2015 Lunar Perigee Eclipse

Last night, there was an interesting celestial event: the Earth eclipsed the Sun, casting it’s shadow on the Moon. This happened during lunar perigee (the Moon’s closest point to the Earth in it’s elliptical orbit), which resulted in a negligible increase in the Moon’s apparent size: about 14% larger than normal.

I had worked earlier in the year to get my astronomy gear into a workable state. I de-mounted my telescope from it’s crappy factory mount and slapped it onto a much nicer and sturdier mount I bought around the beginning of summer. My wife got me some 7×50 binoculars for Christmas last year. This is easily the best purchase an aspiring or new astronomer can make, with the addition of a regular camera tripod to support them to reduce vibration and arm-soreness (because you’ll want to look through them for a looong time.)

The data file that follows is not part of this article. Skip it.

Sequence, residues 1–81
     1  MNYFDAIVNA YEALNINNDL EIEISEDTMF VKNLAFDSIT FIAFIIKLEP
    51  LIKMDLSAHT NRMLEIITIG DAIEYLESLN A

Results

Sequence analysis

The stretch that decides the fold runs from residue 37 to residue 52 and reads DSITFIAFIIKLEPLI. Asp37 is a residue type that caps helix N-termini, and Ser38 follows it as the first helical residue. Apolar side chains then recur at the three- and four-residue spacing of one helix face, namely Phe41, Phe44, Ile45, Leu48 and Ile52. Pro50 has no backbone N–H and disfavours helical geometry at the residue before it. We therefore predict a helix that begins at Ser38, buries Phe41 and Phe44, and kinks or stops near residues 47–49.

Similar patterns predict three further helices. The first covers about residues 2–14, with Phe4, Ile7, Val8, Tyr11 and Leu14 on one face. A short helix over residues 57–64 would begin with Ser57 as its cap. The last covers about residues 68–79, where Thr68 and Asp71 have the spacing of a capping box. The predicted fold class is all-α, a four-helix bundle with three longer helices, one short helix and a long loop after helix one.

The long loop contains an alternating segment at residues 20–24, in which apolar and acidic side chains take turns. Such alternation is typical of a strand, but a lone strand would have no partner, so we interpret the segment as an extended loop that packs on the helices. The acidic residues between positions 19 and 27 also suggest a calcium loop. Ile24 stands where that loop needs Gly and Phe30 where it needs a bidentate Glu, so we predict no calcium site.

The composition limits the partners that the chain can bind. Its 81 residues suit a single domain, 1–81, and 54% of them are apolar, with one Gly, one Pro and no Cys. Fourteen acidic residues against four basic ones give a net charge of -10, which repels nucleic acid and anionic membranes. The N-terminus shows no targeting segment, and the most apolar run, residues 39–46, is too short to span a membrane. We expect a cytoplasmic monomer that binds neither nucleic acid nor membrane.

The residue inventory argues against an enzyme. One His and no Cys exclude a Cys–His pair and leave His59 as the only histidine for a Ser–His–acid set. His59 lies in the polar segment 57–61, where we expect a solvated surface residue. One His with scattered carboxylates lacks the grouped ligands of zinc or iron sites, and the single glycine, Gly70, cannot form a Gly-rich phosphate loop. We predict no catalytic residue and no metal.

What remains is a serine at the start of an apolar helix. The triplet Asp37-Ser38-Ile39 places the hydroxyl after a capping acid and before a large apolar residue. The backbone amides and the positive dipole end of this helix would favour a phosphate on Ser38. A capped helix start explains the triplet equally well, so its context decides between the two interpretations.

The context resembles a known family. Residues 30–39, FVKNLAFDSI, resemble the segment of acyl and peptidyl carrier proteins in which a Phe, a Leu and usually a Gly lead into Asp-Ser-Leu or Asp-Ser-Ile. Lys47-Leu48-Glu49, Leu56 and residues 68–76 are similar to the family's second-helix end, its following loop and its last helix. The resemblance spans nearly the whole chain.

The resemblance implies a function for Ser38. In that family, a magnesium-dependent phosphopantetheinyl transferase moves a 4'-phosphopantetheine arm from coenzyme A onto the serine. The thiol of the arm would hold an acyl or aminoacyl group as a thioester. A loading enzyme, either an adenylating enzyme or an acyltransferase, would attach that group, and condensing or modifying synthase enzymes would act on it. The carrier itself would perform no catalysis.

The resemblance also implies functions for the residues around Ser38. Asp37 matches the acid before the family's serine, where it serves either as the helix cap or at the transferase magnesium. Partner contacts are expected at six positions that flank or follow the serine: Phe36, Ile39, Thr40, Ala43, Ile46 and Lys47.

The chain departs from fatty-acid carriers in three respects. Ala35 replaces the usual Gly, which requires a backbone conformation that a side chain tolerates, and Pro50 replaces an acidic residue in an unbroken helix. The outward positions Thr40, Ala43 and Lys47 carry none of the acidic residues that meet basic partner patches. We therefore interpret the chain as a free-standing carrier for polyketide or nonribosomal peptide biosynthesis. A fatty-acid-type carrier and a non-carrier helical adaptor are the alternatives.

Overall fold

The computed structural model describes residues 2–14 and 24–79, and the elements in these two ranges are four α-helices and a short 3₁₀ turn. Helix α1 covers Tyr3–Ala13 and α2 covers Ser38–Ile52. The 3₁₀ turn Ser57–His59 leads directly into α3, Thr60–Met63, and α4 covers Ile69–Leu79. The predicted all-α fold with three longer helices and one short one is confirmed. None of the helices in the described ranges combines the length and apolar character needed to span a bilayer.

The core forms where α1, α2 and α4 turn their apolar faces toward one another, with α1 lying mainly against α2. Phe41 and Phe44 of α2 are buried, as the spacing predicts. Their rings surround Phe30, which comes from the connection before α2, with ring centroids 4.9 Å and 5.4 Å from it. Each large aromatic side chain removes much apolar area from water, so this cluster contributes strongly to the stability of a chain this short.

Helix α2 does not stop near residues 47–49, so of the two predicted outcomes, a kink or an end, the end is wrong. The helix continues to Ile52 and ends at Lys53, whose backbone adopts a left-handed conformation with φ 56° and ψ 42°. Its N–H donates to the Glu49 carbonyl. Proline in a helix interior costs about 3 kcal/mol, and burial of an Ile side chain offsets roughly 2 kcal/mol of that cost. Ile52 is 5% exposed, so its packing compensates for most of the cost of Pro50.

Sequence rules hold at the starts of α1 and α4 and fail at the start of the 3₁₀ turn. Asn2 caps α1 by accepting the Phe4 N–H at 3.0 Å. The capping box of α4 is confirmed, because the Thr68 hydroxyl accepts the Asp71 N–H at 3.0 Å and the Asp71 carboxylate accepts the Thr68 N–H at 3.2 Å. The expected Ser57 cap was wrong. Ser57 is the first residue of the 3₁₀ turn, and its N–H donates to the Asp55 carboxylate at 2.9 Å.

Last year, I bought a nice camera, as I disliked that my best camera was a smartphone. I’ve messed around with it a little, but not much low-light work. I did get a micro four-thirds to telescope eye-piece adapter.

I set up all of this equipment yesterday around 3pm, several hours before the start of the eclipse so I could get used to everything before the sun went down.


Here’s the rundown of the equipment I used yesterday for the eclipse:

Camera: Olympus OM-D E-M1 m4/3. Used with a telescope adapter or 12-40mm zoom lens.
Telescope : Meade ETX 90 mounted on a Celestron CG-4 equatorial mount with clock drive.
Binoculars : Orion Resolux 7×50 mounted on a camera tripod via an adapter.

The best picture of the night was a composite I made in software using 4 images of different parts of the Moon during the eclipse. It shows the whole lunar disk in red, the result of 10 seconds exposure for each image in the composite. Lunar Eclipse Composite

And here are the rest of the images I captured: